In order to figure out what your personal values are, I would suggest you start with a list of your own personal likes and dislikes, as well as what you like or don’t like in other people. Think of the people currently in your life and those from your past. Did they have any qualities that really disturbed or upset you to the point where you said, “I cannot deal with this person at all!” For example, say your ex PoA always “neglected” you. When you wanted to talk to him he wouldn’t pick up his phone even though you knew he was home. The feeling of this “crushed” you. That being said, one of your values might be “I cannot remain in a committed relationship with someone who ignores or neglects me.” Remember, a value is a MUST HAVE. It’s essential to who you are. Once you put this on your list, YOU STICK TO IT. You don’t bend. And the reason you don’t bend is because this VALUE is about maintaining your honor and self-worth. This value is your way of protecting yourself.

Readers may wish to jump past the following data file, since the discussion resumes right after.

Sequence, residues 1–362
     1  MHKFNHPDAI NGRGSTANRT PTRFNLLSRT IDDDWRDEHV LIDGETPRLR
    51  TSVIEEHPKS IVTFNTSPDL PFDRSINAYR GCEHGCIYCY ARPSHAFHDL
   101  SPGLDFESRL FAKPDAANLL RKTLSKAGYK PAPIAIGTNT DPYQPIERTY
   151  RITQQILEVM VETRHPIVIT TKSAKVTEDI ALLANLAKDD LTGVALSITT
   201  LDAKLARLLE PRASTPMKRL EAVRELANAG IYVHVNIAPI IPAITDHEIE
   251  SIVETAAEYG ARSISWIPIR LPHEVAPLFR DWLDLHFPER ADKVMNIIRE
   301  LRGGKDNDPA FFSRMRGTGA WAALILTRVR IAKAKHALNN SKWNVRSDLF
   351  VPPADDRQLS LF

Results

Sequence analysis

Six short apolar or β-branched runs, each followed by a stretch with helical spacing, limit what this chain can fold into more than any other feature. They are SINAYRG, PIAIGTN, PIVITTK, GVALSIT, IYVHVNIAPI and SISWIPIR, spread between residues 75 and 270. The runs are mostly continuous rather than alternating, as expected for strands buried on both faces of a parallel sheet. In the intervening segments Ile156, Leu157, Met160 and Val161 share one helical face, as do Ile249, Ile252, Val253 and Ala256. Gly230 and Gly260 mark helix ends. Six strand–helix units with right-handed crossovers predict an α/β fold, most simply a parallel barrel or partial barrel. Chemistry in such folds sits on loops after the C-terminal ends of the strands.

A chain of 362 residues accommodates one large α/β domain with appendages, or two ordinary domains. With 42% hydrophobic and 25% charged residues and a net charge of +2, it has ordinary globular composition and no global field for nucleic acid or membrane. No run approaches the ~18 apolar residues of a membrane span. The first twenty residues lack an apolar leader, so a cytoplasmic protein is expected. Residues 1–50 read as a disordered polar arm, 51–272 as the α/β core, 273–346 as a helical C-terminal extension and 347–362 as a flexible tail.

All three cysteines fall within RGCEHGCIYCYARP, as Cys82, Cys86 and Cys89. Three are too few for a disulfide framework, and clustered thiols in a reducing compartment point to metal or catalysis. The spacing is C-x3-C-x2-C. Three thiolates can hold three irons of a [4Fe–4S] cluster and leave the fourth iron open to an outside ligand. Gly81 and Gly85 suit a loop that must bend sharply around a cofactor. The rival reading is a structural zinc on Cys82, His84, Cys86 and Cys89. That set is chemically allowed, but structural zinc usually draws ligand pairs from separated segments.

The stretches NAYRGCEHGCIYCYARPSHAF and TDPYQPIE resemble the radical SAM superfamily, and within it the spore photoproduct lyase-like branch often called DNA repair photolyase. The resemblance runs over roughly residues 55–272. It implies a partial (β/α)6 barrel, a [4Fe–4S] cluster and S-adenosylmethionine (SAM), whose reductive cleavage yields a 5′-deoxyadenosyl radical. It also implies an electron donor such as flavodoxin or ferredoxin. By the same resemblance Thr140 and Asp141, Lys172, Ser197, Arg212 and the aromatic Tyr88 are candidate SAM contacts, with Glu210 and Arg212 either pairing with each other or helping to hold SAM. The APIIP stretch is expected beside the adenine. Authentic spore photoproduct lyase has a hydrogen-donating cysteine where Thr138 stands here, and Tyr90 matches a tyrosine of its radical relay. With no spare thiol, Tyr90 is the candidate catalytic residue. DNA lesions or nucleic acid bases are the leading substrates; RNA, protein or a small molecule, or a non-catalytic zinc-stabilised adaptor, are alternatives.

What’s not a value? Say you dated a guy (or girl) and he or she picked their teeth with a toothpick at the dinner table (funny, perhaps. But this type of behavior bothers some people). Every time this person did this particular behavior it drove you nuts and you didn’t like it. Is trying to avoid this kind of behavior a VALUE? Probably not. It’s more of a preference. But the bigger VALUE might be “I need to have a relationship with someone who doesn’t embarrass me in public.”